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The Three Most Awkward Marketing Moments From Super Bowl XLVIII

I love the Super Bowl. From the game to the commercials, to the halftime show, and the snack food that comes along with it, I love everything about it; but last night was just plain underwhelming.

Okay, not quite all of it, Bruno Mars was good, and so was the baked ziti.

And while underwhelming is probably not something FOX, the NFL, or the big game’s advertisers were hoping for, it’s still better than a poorly timed ad, a cable interruption, or a social media snafu.

Marketing Miscues During the Big Game

Honda’s innocuous commercial about their brand’s safety ratings featuring Bruce Willis and a fun cameo by Fred Armisen had the poor luck of airing in the second half. That wouldn’t have really mattered much, except the score was 29-0 and the commercial began with Bruce Willis saying, “Great game, right?” Between the scoffing and laughter I completely missed that it was even a Honda ad upon first viewing.

Like Honda, Time Warner Cable served up a perfectly competent commercial. It was a fun minute of TV cameos with all sorts of characters and worlds colliding to demonstrate that subscribers can enjoy their favorite shows across a myriad of devices. The commercial then ended with the following voice over, “Whatever you’re passionate about, Time Warner Cable invents ways for you to enjoy it even better.”

That’s all very nice, except Time Warner Cable customers in the Los Angeles area missed about an hour of the game last night, including the half time show, due to an issue with the local FOX feed.

Of course the Super Bowl isn’t just about traditional marketing efforts anymore. Plenty of brands jumped on the social media marketing bandwagon eager to achieve the same level of success Oreo enjoyed during last year’s second half blackout.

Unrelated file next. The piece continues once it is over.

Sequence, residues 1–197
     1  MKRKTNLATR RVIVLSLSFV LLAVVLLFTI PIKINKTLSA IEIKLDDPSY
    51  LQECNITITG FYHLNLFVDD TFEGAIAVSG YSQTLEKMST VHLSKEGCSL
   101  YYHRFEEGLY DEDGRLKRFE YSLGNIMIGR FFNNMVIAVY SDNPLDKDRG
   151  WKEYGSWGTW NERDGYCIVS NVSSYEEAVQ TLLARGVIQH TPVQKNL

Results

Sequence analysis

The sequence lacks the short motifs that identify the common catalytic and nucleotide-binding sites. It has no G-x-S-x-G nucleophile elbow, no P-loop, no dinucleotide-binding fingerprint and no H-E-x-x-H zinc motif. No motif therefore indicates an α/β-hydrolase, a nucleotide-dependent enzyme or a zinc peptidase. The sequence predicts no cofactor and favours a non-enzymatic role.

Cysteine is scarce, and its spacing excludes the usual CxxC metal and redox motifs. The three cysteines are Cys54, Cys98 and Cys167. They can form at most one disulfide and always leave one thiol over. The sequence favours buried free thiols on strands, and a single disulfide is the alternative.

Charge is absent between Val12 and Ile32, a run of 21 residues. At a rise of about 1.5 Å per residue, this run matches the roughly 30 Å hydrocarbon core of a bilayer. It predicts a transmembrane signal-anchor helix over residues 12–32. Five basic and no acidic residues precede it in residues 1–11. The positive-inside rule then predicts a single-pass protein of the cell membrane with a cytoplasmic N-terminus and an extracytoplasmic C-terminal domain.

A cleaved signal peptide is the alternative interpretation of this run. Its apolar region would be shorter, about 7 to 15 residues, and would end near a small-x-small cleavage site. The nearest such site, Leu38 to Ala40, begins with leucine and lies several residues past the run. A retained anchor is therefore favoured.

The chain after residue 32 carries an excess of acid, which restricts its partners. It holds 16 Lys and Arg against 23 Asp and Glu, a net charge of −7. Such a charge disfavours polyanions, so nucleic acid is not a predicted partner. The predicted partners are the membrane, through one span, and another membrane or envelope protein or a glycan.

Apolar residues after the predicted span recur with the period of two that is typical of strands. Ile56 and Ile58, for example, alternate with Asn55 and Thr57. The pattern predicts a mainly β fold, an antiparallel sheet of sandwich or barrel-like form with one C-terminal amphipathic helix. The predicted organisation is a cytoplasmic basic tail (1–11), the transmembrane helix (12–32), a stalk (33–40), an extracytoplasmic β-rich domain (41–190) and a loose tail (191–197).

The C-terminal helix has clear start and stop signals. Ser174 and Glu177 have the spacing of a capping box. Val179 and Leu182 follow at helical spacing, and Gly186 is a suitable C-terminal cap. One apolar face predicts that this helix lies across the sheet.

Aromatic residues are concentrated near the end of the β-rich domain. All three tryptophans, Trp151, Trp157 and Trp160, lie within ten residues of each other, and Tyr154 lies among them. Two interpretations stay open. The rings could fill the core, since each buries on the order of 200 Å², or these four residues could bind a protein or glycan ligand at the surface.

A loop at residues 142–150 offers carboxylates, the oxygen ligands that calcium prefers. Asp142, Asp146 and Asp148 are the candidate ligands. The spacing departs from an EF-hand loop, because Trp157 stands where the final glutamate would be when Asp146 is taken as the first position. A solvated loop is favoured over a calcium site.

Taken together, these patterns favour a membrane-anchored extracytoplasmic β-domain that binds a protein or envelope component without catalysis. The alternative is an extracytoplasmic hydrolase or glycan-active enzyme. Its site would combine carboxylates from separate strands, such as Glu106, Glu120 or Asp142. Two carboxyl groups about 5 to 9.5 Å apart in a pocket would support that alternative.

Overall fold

However, with a lopsided game and no unexpected power outages to speak of, tweets from brands remained mostly bland, that is until J.C. Penney decided to do some live tweeting while wearing mittens. As one might expect, their tweets were full of typos, which created the perfect fodder for brands like Snickers, Coors Light, and TGI Fridays, just to name a few.

JC Penney Super Bowl Tweets

 

Snickers Super Bowl Tweet

 

Coors Light Super Bowl Tweet

I think Payton Manning would agree that sometimes things just don’t go your way, and when it comes to marketing there are unfortunately variables that you just can’t control. When those instances arise, it’s how you respond that really matters.

So excuse me while I go purchase some mittens from J.C. Penney. It’s snowing again in New Jersey.

JC Penneys Twitter Mittens

Jamie Paton

Jamie Paton is a Project Manager at PCG Digital Marketing by day and a TV connoisseur by night. As an SEO strategist she spends a lot of quality time on social media sites and with Google Analytics and Webmaster Tools.

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